Staryi Sambir

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Not to be confused with the neighbouring city of Sambir
Further information: Sambor Ghetto
Staryi Sambir
Старий Самбір
City
Main square
Main square
Flag of Staryi Sambir
Flag
Coat of arms of Staryi Sambir
Coat of arms
Staryi Sambir is located in Lviv Oblast
Staryi Sambir
Location in Lviv Oblast, Ukraine
Country  Ukraine
Province  Lviv Oblast
District Starosambirskyi Raion
First mentioned 1378
Population (2013)
 • Total 6,446
Time zone EET (UTC+2)
 • Summer (DST) EEST (UTC+3)

Staryi Sambir (Ukrainian: Старий Самбір, Polish: Stary Sambor, Staremiasto, Stare Miasto) is a city in Lviv Oblast of western Ukraine, close to the border with Poland. It is the administrative center of Staryi Sambir Raion (district); population: 6,446 (2013 est.)[1].

The exact date of establishment of the town is not known. Sambir, known in Polish as Sambor, was for the first time mentioned in documents in 1378. At that time, it was a private town of the noble Herburt family, part of Przemysl Land, Ruthenian Voivodeship, Kingdom of Poland. In 1501, a Roman Catholic church was opened here, and in 1553, Sambir received a town charter. In 1668, a town hall was built here, and in the early 18th century, the local church was remodelled. Until 1772 (see Partitions of Poland), Sambir belonged to Przemysl Land, Ruthenian Voivodeship. From 1772 until late 1918, Sambir belonged to Austrian Galicia. In 1880, its population was 3,482, with 1,399 Greek-Catholics, 704 Roman Catholics, and 1,377 Jews.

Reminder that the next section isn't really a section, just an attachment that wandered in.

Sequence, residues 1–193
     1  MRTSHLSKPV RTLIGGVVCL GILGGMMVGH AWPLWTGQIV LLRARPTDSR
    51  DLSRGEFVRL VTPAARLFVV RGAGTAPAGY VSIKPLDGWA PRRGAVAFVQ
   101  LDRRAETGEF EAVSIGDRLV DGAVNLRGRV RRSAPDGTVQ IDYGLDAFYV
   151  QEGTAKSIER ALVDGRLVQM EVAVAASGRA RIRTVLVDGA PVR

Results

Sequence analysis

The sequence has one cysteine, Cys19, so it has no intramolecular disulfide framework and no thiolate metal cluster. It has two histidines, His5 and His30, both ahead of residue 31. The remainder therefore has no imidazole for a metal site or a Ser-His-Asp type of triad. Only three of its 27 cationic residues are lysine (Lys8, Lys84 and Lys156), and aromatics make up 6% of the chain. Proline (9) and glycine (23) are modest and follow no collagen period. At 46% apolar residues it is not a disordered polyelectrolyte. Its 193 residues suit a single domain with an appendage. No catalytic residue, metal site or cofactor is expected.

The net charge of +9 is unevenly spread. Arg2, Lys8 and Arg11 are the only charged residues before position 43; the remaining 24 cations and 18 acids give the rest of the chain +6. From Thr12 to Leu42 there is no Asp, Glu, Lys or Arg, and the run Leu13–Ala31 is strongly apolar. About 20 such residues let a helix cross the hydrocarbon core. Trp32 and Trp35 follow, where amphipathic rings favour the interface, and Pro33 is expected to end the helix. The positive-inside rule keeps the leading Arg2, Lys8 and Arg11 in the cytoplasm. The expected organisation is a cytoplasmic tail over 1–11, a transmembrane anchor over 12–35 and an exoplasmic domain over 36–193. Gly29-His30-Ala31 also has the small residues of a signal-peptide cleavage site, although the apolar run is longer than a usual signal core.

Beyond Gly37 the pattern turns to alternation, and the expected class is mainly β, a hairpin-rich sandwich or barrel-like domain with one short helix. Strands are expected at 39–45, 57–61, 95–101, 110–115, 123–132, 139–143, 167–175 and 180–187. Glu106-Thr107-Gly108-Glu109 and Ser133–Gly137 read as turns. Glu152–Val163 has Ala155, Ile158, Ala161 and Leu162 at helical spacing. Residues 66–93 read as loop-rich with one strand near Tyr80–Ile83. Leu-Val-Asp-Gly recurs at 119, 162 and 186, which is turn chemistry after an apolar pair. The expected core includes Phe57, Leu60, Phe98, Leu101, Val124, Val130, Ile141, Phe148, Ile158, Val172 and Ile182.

Following the Polish-Ukrainian War, Sambir was ceded to Poland by the Soviet Russia in the Peace of Riga. According to the 1921 census, the town had a population of 4,314, with 1,534 Jews. In the Second Polish Republic, it was the seat of a county in Lwow Voivodeship (until 1932). After the 1939 invasion of Poland, the town was annexed into the Soviet Union. Its Jewish residents were murdered in the Holocaust.

In the immediate postwar period, the remaining ethnic Poles were expelled.[2] Most of them settled in the Recovered Territories. Ukrainians were resettled following Operation Vistula.

Gallery[edit]

References[edit]

  1. ^ "Чисельність наявного населення України (Actual population of Ukraine)" (in Ukrainian). State Statistics Service of Ukraine. Retrieved 21 January 2015. 
  2. ^ Jerzy Kochanowski (2001). "Gathering Poles into Poland. Forced Migration from Poland's Former Eastern Territories". In Philipp Ther, Ana Siljak. Redrawing Nations: Ethnic Cleansing in East-Central Europe, 1944–1948. Lanham: Rowman & Littlefield Publishers. ISBN 978-0-7425-1094-4.